The Joy of Asking 'Why'

The Joy of Asking 'Why'

Just why is 'why?' so valuable? Editor Martijn Pellegrom dives into the question of questions.

How long has it been since you last googled something? A day? An hour? I think that the average, especially among young people, tends towards the latter. It might sound like much, but I think that’s not surprising at all. All of human knowledge on all topics ever lies at your fingertips. Within just a couple of seconds, you can have any question answered with millions of articles and pages. All you need to do is ask.

There are people who devote their lives to asking - and, luckily, answering - hard questions: scientists. They share a constant desire to expand our collective knowledge. Armed with an open mind, a critical stance and an arsenal full of nasty questions, they venture into the world, and they won’t be satisfied with that’s-just-how-it-is for an answer. Often, their beautiful questions have equally satisfying answers. That’s why it’s interesting to take a closer look at these questions.

Imagine that you’re in ancient Greece, and you’re walking along the surf of a beach. You see a sailboat gradually disappear behind the horizon: what question pops up in your mind? For the Greeks, this was: ‘what shape does the Earth have?’. Why does the sail remain visible, while the hull itself has disappeared already? Another observation is that the ship can travel beyond the horizon in all directions, so something spherical seems logical. But how do you prove that? It’s a nice example of an old, inspiring scientific question. The answer is surprisingly simple: use two wells that are distant from one another, one of which is situated directly below the sun. You can then see, from how both shadows are projected at different angles into either well, how round the Earth is! It was a great achievement at that time. But scientists always have more questions.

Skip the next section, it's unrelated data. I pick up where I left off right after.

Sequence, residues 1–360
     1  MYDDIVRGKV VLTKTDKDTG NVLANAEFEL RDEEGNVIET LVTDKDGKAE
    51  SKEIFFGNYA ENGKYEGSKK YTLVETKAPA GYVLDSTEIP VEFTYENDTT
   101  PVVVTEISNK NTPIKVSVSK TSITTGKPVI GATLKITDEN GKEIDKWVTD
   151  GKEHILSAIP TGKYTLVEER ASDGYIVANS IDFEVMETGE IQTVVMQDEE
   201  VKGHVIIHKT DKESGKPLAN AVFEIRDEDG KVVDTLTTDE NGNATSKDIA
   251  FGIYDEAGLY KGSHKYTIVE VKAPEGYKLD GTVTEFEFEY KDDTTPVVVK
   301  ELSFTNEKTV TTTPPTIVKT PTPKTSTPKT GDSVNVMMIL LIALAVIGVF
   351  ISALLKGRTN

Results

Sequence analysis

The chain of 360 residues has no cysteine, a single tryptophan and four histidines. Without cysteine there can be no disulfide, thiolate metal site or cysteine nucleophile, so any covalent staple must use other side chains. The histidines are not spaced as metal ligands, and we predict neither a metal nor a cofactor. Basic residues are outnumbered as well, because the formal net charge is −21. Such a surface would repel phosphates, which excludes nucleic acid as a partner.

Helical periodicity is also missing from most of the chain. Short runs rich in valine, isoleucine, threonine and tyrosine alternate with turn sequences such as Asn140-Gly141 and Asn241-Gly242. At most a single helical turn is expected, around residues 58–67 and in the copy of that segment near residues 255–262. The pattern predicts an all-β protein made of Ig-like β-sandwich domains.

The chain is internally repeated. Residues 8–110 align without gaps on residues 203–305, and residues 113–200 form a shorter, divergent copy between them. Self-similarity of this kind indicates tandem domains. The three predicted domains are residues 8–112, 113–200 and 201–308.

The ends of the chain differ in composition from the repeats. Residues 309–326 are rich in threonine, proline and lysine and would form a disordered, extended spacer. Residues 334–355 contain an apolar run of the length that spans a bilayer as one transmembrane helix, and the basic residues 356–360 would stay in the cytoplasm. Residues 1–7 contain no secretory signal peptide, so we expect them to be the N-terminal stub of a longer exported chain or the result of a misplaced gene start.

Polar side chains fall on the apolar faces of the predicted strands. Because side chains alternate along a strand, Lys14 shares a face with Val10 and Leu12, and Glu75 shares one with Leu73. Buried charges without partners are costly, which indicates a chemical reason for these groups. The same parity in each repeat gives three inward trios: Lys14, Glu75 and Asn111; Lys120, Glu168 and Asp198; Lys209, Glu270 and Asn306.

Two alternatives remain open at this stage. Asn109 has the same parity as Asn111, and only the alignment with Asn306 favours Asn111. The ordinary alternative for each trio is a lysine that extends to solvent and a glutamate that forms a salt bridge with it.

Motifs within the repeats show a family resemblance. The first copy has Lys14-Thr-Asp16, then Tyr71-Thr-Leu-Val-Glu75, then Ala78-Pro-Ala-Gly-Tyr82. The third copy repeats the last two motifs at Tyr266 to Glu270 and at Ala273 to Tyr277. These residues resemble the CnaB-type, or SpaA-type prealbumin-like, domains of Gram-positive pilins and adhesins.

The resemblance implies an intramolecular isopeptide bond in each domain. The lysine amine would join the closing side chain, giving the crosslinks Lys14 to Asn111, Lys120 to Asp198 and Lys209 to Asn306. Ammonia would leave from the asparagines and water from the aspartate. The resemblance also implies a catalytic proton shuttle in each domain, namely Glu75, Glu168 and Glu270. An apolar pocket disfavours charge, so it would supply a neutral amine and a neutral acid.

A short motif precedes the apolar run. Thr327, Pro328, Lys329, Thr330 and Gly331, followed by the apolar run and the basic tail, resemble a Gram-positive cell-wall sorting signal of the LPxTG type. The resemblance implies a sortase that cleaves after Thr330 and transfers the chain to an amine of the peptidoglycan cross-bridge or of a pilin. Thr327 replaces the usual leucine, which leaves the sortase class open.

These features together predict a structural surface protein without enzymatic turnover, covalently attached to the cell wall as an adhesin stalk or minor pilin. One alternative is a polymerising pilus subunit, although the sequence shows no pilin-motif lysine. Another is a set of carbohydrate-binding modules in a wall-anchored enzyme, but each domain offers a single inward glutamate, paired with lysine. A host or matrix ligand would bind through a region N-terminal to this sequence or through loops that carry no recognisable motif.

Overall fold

Logical follow-up questions are ‘can we find more proof for this?’, ‘what lies on the other side of the world?’ and my personal favorite: 'why is the world round?’ One conclusion can lead to countless new insights and questions which on their turn lead to thousands more. The trick, of course, is not to lose your way in this web of questions, but to go about it in a rigorous way. That’s why the ‘why’-question has a special place in my heart. It always asks for fundamental theories: the reason that the Earth is round is because gravity pulls all matter inwards. This is an amazing theory that leads to extremely useful applications.

Young children, who just begin to realise that there is an astoundingly interesting world around them, ask many questions too. They know what they can see, but they would like to know why the sky is blue and why they should go to school. I share such childlike curiosity: I have pressing ‘why’-questions about the universe, which is why I, along with fellow enthusiasts, enrolled in the bachelor of astronomy here in Leiden.

In life, we need to overcome obstacle after obstacle and sometimes this tends to overshadow the beautiful, colorful and amazing world we live in. It’s only after we find out why things are the way that they are, that we can see the meaning of it all. That doesn’t only hold for potential personal problems, but also for science. This thought does me a lot of good. If I get stuck on something or forget why I want it in the first place, I try to find that childlike passion again and ask the ‘why’-question to attempt to see things from a new and illuminating perspective. That’s why I think we can all improve on both a personal and a scientific level if we would ask more ‘why’-questions.


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